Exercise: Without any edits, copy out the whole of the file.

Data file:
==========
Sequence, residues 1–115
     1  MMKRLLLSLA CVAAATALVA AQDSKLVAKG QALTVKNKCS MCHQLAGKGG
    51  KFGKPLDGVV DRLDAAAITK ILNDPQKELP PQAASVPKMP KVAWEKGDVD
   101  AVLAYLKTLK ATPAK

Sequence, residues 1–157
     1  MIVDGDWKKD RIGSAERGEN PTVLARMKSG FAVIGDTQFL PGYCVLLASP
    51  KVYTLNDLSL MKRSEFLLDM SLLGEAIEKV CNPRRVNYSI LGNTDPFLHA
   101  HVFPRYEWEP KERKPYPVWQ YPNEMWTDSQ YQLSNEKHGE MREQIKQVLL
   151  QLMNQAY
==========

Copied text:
Sequence, residues 1–115
     1  MMKRLLLSLA CVAAATALVA AQDSKLVAKG QALTVKNKCS MCHQLAGKGG
    51  KFGKPLDGVV DRLDAAAITK ILNDPQKELP PQAASVPKMP KVAWEKGDVD
   101  AVLAYLKTLK ATPAK

Sequence, residues 1–157
     1  MIVDGDWKKD RIGSAERGEN PTVLARMKSG FAVIGDTQFL PGYCVLLASP
    51  KVYTLNDLSL MKRSEFLLDM SLLGEAIEKV CNPRRVNYSI LGNTDPFLHA
   101  HVFPRYEWEP KERKPYPVWQ YPNEMWTDSQ YQLSNEKHGE MREQIKQVLL
   151  QLMNQAY